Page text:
Results of two late-breaking phase III trials presented at 2012 ASCO Annual Meeting add to the evolving understanding of how best to treat non–small cell lung cancer (NSCLC). The TAILOR trial suggested the benefit of chemotherapy over EGFR-targeted therapy as second-line treatment of patients with wild-type EGFR NSCLC.1 The PARAMOUNT trial found that maintenance pemetrexed (Alimta) plus best supportive care improved overall survival compared with placebo plus best supportive care following induction therapy with pemetrexed/cisplatin in patients with advanced nonsquamous NSCLC.2
Docetaxel was superior to erlotinib (Tarceva) in prolonging progression-free survival as second-line treatment of NSCLC patients with wild-type EGFR, according to results of the phase III TAILOR trial. The primary endpoint of this trial is overall survival, but survival data are not yet mature. At the ASCO Annual Meeting, Marina Chiara Garassino, MD, U.O. Oncologia Medica, A.O. Fatebenefratelli e Oftalmico, Milan, Italy, presented progression-free survival, overall response, and safety data from TAILOR.
“TAILOR is the only prospective head-to-head trial comparing erlotinib vs docetaxel in wild-type EGFR NSCLC. Docetaxel significantly improved progression-free survival, response rates, and disease control rates. The reported toxicity with both drugs was as expected. KRAS was not predictive of response or progression-free survival. TAILOR preliminary results do not support the use of erlotinib in wild-type EGFR patients with NSCLC, and survival data are awaited,” concluded Dr. Garassino.
Patients enrolled in TAILOR had histologically confirmed wild-type EGFR and assessment of KRAS status, and results were cross-validated in two independent labs. All patients received previous platinum-based chemotherapy, but previous chemotherapy with taxanes and other anti-EGFR agents was excluded. The investigators randomly assigned 222 patients 1:1 to docetaxel or erlotinib. Third-line treatment was allowed at progression, but crossover to the other treatment arm was not allowed. Patients were stratified according to treatment center, recurrent NSCLC, or progressive NSCLC, and type of first-line chemotherapy.
In an intent-to-treat analysis of 219 patients at 6 months, 28.9% were free of progression in the docetaxel arm vs 16.9% in the erlotinib arm. These results held up in a multivariate analysis. No significant interaction was seen between treatment arm and KRAS status.
“KRAS mutations do not seem to be predictive or prognostic in second-line therapy of NSCLC,” Dr. Garassino commented.
The rate of disease control was double in the docetaxel arm, but as expected, more hematologic toxicities were reported with the chemotherapy. The rate of patients with one or more serious adverse events was similar in both arms: 14.4% in the docetaxel arm and 13.1% in the erlotinib arm.
The phase III PARAMOUNT trial found that continuous maintenance therapy with pemetrexed prolonged overall survival compared with placebo in patients with advanced nonsquamous NSCLC who first received induction therapy with four cycles of pemetrexed/cisplatin. Previous results showed improved progression-free survival with maintenance pemetrexed, and the new survival data confirm a persistent benefit with maintenance pemetrexed.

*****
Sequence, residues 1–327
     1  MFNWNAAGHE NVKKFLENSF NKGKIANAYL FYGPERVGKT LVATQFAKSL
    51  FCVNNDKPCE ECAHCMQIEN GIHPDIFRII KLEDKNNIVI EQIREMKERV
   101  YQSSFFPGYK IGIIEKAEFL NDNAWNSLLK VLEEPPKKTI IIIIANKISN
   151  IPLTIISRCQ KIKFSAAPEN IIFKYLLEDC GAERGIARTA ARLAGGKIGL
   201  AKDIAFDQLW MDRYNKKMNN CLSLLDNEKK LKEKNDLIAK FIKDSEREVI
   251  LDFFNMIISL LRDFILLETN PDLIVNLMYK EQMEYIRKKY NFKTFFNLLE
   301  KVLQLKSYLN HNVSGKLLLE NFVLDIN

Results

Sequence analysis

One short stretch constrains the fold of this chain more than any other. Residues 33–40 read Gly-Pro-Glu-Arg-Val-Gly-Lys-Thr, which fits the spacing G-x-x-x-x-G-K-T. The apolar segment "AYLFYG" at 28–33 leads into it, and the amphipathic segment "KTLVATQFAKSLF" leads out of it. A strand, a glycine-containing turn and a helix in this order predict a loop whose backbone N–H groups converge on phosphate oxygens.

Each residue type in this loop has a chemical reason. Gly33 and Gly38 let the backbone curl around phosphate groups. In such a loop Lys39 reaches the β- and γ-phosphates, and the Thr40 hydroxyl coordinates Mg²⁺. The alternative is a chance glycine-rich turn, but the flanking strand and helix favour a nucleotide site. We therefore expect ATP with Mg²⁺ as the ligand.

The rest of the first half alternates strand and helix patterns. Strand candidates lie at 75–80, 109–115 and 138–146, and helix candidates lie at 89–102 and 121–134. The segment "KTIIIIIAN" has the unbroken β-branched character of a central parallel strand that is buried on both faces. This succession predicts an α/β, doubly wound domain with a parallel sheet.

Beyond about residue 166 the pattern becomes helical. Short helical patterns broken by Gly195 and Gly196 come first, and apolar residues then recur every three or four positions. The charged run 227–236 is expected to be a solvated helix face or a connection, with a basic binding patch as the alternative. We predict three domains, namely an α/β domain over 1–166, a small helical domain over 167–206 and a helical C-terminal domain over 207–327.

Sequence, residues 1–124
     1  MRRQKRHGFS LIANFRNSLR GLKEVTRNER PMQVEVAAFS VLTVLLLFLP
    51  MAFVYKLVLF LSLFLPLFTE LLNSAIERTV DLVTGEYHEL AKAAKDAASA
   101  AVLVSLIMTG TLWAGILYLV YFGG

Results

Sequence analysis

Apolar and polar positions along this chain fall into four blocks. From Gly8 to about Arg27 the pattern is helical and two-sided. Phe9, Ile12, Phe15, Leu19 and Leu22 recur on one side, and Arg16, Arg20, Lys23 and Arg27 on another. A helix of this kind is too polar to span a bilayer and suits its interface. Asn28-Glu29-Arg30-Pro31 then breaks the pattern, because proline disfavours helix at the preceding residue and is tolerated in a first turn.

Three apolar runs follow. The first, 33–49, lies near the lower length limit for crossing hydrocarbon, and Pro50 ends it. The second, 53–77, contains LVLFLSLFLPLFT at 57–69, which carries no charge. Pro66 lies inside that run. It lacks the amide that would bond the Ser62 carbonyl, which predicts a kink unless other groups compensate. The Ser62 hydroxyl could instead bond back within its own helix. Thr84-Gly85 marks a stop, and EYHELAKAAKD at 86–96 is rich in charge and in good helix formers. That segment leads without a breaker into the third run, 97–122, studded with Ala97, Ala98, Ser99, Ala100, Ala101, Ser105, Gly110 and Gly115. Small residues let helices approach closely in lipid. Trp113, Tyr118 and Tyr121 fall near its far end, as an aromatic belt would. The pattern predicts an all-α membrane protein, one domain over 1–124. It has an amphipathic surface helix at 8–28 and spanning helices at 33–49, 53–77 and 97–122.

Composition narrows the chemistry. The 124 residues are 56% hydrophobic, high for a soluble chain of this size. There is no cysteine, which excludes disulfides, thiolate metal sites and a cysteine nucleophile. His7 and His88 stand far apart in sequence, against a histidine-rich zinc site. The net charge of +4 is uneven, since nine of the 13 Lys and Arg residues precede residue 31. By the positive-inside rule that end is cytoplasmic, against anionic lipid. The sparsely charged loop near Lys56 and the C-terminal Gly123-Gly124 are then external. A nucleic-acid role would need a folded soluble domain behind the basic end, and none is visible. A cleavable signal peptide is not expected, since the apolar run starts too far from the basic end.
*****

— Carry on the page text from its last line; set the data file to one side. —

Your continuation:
“This study shows that maintenance therapy with pemetrexed offers superior overall survival compared with placebo. These final results confirm that pemetrexed/cisplatin induction followed by continuous pemetrexed further benefits patients compared with induction therapy alone, offering a change in the treatment paradigm for advanced nonsquamous NSCLC,” stated presenting author Luis Paz-Ares, MD, University Hospital–Virgen del Rocio, Seville, Spain.
In the overall trial, 939 received induction therapy; 539 patients without disease progression were randomized 2:1 to pemetrexed plus best supportive care or placebo plus best supportive care.
At 12 months, overall survival was 58% in the pemetrexed arm vs 45% in the placebo arm; at 24 months, overall survival rates were 32% vs 21%, respectively. Median overall survival from the time of induction therapy was 16.9 vs 14 months (P = .019), respectively, representing a 22% increase in survival among those who received maintenance pemetrexed.
The rate of complete or partial response was 45% at baseline. Survival did not differ for those with a complete or partial response or stable disease after induction, Dr. Paz-Ares said. ■
Disclosure: Dr. Garassino is an advisor for Eli Lilly. Dr. Paz-Ares has been a consultant or advisor for and received honoraria from Bayer, Lilly, Pfizer, and Roche.
1. Garassino MC, Martelli O, Bettini A, at al: TAILOR: A phase III trial comparing erlotinib with docetaxel as the second-line treatment of NSCLC patients with wild-type (wt) EGFR. 2012 ASCO Annual Meeting. Abstract LBA7501. Presented June 4, 2012.
2. Paz-Ares L, De Marinis F, Dediu M, et al: PARAMOUNT: Final overall survival (OS) results of the phase III study of maintenance pemetrexed plus best supportive care versus placebo plus BSC immediately following induction treatment with pemetrexed plus cisplatin for advanced nonsquamous non-small cell lung cancer (NSCLC). 2012 ASCO Annual Meeting. Abstract LBA7507. Presented June 4, 2012.
Formal discussant Gregory Peter Kalemkerian, MD, of the University of Michigan Comprehensive Cancer Center, Ann Arbor, questioned whether all patients need maintenance therapy, since some patients on placebo lived as long as those on pemetrexed maintenance, and quality of life, as reported...
Formal discussant of the TAILOR trial, Benjamin J. Solomon, MBBS, PhD, of the Peter MacCallum Cancer Centre, East Melbourne, Australia, noted that the study asks an important question about the benefit of an EGFR inhibitor in patients with wild-type EGFR. The progression-free survival reported in...